To study the neurological function of Hbs1l in mice, we first examined an Hbs1l allele (Hbs1ltm1a) with a gene trap cassette inserted between ‘exon 5a’ and exon 5 (Figure 1B). As previously reported, homozygous Hbs1ltm1a/tm1a mice were viable, but male mice were infertile (O'Connell et al., 2019). Histological analysis of the Hbs1ltm1a/tm1a testis at postnatal day P45 revealed a dramatic loss of mitotically active (PCNA+) spermatogonia, as well as spermatocytes and spermatids that normally differentiate from these cells (Figure 1C). However, no overt defects were observed in the Hbs1ltm1a/tm1a brain (Figure 1D).

Residual levels of Hbs1l were still present in various tissues from Hbs1ltm1a/tm1a mice (O'Connell et al., 2019). In agreement, Hbs1l transcripts spliced into the gene trap cassette in all tested tissues; however, correctly spliced Hbs1l transcripts were still detected in several tissues (Figure 1E). Thus, to completely eliminate expression of Hbs1l, we ubiquitously deleted exon five in Hbs1ltm1a mice to generate Hbs1l-/- mice (Figure 1B). In contrast to embryonic day (E) 8.5 Hbs1ltm1a/tm1a embryos, which still expressed 9% of the wild-type levels of Hbs1l mRNA, expression of Hbs1l was not detected in E8.5 Hbs1l-/- embryos (Figure 1F). Expression of Hbsl1 isoform II was not significantly changed in homozygous embryos of either allele, as predicted (Figure 1F). In contrast to hypomorphic Hbs1ltm1a/tm1a mice, Hbs1l-/- embryos failed to develop after E8.5 and could not be recovered at E11.5 from heterozygous matings (Figure 1G, Supplementary file 1). These results demonstrate that Hbs1l is necessary for embryonic development; however, embryos lacking Hbs1l develop longer than embryos deficient for Pelo, the binding partner of HBS1L, which die by E7.5 (Adham et al., 2003; Figure 1G).

To determine if isoform II of Hbs1l is also necessary for embryonic viability, we utilized an additional allele (Hbs1lGTC) with a gene trap cassette located in intron 2 (Figure 1B). Expression of Hbs1l and isoform II transcripts in E8.5 heterozygous Hbs1lGTC/+ embryos was reduced by 51% and 41%, respectively (Figure 1F). Homozygous Hbs1lGTC/GTC embryos were not recovered at E6.5 from heterozygous matings (Supplementary file 1) demonstrating that they died even before Pelo-/- or Hbs1l-/- embryos. The early embryonic lethality of Hbs1lGTC/GTC embryos suggests that the Hbs1l isoforms are likely functionally distinct, and that their loss causes additive or synergistic defects during embryogenesis.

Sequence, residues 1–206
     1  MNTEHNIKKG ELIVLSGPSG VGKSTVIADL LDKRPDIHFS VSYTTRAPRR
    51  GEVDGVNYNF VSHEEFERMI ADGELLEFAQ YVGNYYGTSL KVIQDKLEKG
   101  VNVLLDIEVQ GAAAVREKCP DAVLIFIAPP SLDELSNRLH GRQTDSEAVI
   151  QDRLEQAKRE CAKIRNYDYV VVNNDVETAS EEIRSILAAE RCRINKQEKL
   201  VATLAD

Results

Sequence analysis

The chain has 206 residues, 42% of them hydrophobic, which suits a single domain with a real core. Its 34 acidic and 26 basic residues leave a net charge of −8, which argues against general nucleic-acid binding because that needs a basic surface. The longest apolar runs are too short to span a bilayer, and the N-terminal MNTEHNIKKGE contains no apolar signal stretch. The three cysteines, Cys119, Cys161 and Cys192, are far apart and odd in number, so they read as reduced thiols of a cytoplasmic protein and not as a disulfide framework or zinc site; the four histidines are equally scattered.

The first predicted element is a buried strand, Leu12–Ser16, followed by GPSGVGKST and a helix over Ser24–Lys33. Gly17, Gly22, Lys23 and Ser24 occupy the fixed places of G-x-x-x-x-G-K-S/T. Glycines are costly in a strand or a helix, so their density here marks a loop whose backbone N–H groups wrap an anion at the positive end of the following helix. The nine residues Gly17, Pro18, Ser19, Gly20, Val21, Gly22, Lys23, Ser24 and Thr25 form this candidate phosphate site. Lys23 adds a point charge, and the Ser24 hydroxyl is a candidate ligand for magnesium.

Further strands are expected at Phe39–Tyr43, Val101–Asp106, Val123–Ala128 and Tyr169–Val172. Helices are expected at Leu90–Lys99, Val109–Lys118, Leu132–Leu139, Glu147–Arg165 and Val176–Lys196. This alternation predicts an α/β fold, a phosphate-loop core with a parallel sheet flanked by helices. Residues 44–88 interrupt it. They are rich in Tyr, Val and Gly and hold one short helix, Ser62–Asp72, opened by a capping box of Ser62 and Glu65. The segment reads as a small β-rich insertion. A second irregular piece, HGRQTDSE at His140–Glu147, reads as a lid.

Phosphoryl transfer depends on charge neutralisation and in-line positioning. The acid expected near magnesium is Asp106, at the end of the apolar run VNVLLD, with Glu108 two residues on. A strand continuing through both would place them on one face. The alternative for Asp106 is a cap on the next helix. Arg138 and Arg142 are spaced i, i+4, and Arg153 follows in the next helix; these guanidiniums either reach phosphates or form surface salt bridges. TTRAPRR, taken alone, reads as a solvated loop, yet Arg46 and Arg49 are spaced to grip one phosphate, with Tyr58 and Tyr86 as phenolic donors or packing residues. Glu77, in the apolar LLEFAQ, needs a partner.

Hbs1l is required for cerebellar development

Consistent with transcriptome data from a brain RNA sequencing database (Zhang et al., 2014), we observed expression of Hbs1l in multiple cell types of the brain (Figure 2A). Expression of HBS1L and its binding partner PELO was observed throughout and after cerebellar development (Figure 2A,B and C). However, levels of HBS1L and PELO decreased in the postnatal (P)14 cerebellum after the completion of development, a similar decrease was observed in the whole brain (Figure 2B and C, Figure 2—figure supplement 1A). To begin to investigate the role of Hbs1l in the brain, we deleted this gene in the developing cerebellum and midbrain by crossing the floxed allele to En1Cre mice (Kimmel et al., 2000). Differences in cerebellar size between mutant and control embryos were already apparent by E13.5 (Figure 2D). Although the trilaminar structure of the cerebellum appeared normal in En1Cre; Hbs1l cKO mice at postnatal day P21, cerebellar foliation was delayed in P0 mutant mice, and secondary fissures failed to form compared to control mice (Figure 2D). Consistent with previous studies no cerebellar abnormalities were observed in En1Cre mice (Dong and Kwan, 2020; Guo et al., 2010; Li et al., 2002; Sgaier et al., 2007; Tripathi et al., 2008).